June 15,2007. More than 2,000 elementary mathematics educators in Texas will be trained using videos produced by the Center for New Media Teaching and Learning (CCNMTL) as part of a project to improve the mathematics preparation of teachers nationwide. In May 2007, Math Teks - a partnership among Wireless Generation, Texas A&M University, and Columbia University- held workshops for 100 staff developers representing all 20 Texas Regional Service Centers and more than 20 Texas school districts. This group of 100 is expected to train an additional 20 educators each using the same approach.
The CCNMTL project, Video Interactions for Teaching and Learning (VITAL), is an interactive learning environment for courses in early childhood mathematics education developed in collaboration with Herbert P. Ginsburg, Jacob H. Schiff Foundations Professor of Psychology and Education at Teachers College. With the support of a $2.3 million grant from the National Science Foundation, VITAL will serve as a platform to disseminate curriculum for teachers, video demonstrations of children engaged in mathematical activities, and activities that make use of tools for analyzing and writing about video.
“We are delighted that VITAL is already making a national impact on teacher professional development. The interest of the Texas State Education Authority is an early indication of the significance of this project,” added CCNMTL executive director Frank A. Moretti.
CCNMTL staff taped more than 100 hours of video at pre-kindergarten and elementary classrooms across New York City and in New Jersey. The videos show children at play, children talking about mathematics with researchers, and teachers leading classroom lessons. The videos are organized according to content areas derived from the National Council of Teachers of Mathematics standards, which track the developmental progression of children. The modules created by Wireless Generation and its university partners will train educators in identifying the mathematical development of children and appropriate pedagogical strategies, guiding student understanding, and developing assessment strategies to inform instruction.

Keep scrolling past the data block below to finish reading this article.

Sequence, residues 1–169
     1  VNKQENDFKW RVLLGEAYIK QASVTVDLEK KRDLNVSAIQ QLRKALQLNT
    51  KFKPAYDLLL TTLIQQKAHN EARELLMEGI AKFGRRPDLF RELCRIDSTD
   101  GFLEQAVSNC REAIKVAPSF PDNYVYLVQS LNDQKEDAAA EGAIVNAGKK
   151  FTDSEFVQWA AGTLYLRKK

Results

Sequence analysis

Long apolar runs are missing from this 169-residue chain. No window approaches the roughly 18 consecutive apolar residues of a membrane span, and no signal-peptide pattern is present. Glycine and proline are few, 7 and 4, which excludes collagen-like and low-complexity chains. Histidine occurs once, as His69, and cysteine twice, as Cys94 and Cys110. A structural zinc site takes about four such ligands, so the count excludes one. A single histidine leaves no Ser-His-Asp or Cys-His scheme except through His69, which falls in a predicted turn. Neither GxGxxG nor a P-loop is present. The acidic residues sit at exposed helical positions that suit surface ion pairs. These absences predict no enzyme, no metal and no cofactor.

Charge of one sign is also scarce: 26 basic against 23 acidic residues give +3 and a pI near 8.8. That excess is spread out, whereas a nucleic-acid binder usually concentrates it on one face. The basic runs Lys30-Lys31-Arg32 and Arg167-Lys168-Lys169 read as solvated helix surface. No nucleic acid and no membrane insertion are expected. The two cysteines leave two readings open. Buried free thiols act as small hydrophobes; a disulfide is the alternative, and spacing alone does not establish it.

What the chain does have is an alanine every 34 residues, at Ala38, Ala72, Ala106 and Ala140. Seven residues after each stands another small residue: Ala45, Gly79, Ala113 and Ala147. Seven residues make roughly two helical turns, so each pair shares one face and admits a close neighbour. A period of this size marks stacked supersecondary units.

Read more about VITAL
Press Release: CCNMTL Hosts Open Content Meeting
June 7, 2007. CCNMTL hosted a two-day invitational symposium on May 22-23, gathering an international audience of leaders in the education, industry, and archival communities to build upon the work that CCNMTL and Intelligent Television have been conducting in the area of educational video, open productions, and commercial/non-commercial collaborations. Participants discussed new approaches -– economic, legal, and editorial -– to the creation and distribution of important new resources for open education and explored how video and open education can work together for the public good amidst rising concerns of copyright and fair use violations.
University Seminar: Harlem Digital Archive
April 26, 2007. The Harlem Digital Archive will highlight the potential of Harlem resources at Columbia to support various scholarly projects both inside and outside the classroom. The project will strengthen funding efforts to support the development and production of audiovisual curricula with the National Endowment for the Humanities, the Institute for Museum and Library Services, and others. The project also will facilitate the development and production of nationally and internationally distributed media projects—including public broadcasting documentaries on the subject of Harlem.